Please Know...

As I come to know these fine people, they share with me more of their personal and sensitive stories. Their collective story is what I am trying to share with you as my way of breaking the stereotypical beliefs that exist. "Blog names" have occasionally been given to me by the person whose story I am telling. Names are never their actual names and wherever I can do so, I might use the opposite pronoun (his/her, etc.) just to help increase their privacy.

Throughout this blog you are now seeing advertising. I need to provide this so as to keep going financially with this ministry. If you see something that is inappropriate to this site, please let me know - maybe get a screen shot of it for me. I do get credit for any "click" that you might make on any of the ads. If you're bored some night and want to help me raise some needed cash, visit my site and click away to your heart's content....

2000 Substance Use Disorder Patients 30 Minutes Away

This number, 2,000, is a number that I hear referenced as the number of people living on the streets of Kensington who are dealing with the combination of Substance Use Disorder (SUD) and homelessness. Some people say the number is not actually that high. Even if the number is not that high, the number of people who circulate into that lifestyle and move on by way of finding health or overdose is easily 2,000 in any given year.

From where I'm writing this web page in a suburb of Philadelphia, I live about 30 minutes from Kensington. Generally speaking, every suburban person whose county attaches to Philadelphia County is more or less within 30 minutes of Kensington. 

These two facts are why I have titled this “2000 Substance Use Disorder Patients 30 Minutes Away. 

People often refer to what's happening in Kensington as ‘That Kensington issue’. It is not. It is our invisible suburban issue just as much as it is a visual issue on those streets.  Our literal suburban neighbors live on those streets along with families who have called the homes on those streets their family residences for a few years or multiple generations.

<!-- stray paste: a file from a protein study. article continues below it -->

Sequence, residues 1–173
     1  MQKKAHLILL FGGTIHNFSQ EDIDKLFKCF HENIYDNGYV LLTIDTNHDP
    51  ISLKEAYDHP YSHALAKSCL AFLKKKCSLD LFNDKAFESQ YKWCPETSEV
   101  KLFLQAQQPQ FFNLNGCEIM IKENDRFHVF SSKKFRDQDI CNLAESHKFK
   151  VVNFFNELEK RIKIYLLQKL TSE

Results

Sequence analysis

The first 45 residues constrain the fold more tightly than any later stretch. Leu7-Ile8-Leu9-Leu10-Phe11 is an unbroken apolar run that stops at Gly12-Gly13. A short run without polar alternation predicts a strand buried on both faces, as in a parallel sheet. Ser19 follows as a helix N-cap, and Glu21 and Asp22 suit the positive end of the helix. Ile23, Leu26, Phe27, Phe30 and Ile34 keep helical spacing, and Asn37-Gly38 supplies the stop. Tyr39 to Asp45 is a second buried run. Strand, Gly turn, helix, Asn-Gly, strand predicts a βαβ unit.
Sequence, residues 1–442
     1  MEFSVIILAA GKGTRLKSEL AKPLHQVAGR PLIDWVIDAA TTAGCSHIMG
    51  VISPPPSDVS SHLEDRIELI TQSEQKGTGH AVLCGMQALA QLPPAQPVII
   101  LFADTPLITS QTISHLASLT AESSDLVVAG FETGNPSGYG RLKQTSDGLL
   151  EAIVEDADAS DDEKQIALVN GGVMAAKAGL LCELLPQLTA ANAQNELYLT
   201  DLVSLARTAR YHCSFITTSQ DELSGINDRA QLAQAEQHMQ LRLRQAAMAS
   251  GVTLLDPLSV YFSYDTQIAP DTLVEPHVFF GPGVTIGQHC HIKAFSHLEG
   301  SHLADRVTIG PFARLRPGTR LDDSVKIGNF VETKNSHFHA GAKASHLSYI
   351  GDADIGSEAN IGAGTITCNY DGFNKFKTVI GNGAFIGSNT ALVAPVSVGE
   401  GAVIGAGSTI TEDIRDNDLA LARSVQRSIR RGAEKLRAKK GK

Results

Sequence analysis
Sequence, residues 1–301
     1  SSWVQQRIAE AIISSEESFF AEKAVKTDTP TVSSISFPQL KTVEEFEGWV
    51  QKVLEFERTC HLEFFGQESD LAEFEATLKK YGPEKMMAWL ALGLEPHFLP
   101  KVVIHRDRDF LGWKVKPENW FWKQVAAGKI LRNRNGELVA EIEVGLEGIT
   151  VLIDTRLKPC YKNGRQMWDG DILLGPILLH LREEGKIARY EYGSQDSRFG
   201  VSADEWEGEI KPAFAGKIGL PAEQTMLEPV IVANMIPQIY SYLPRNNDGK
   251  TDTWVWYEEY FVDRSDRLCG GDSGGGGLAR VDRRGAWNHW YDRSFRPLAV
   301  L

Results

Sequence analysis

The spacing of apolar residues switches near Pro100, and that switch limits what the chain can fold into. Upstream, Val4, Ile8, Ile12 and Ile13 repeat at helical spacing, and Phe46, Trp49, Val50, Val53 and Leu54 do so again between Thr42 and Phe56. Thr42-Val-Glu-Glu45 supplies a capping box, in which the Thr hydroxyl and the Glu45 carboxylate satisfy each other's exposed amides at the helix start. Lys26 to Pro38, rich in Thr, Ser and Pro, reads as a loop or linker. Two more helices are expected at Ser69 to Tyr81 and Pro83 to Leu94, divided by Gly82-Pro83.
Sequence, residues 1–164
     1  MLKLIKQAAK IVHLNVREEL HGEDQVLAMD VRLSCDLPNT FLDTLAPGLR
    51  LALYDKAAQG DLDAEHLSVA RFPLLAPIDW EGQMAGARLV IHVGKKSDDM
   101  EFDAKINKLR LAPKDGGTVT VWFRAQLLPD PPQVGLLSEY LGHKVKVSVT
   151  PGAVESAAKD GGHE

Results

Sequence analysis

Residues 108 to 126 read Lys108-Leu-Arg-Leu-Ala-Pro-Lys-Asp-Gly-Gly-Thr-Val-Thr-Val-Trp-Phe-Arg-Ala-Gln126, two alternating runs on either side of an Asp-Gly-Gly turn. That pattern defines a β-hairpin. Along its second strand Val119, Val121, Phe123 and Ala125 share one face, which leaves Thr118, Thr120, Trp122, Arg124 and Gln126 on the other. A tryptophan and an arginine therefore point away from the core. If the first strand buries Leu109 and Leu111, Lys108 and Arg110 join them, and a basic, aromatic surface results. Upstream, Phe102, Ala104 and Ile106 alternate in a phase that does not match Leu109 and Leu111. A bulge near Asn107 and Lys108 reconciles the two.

If you are a suburbanite in a county attached to Philadelphia County,

this message is for you.

I encourage you to consider getting involved with what is happening there. Kensington is not “down there.” The streets of Kensington are lived on by your literal neighbors.  If you find this hard to believe, join me someday and I’ll introduce you to five who are from my hometown and vicinity.

If you are a professional healthcare provider within the realm of detox and rehab services, I encourage you to get directly involved.  This crisis is far too large to not be involved directly.

To get started with a better understanding of what's happening in this community called Kensington, I invite you to my blog site:

To further understand this issue, please watch this interview recently aired featuring my friend Roz:

I will be adding more to this page in the days ahead.

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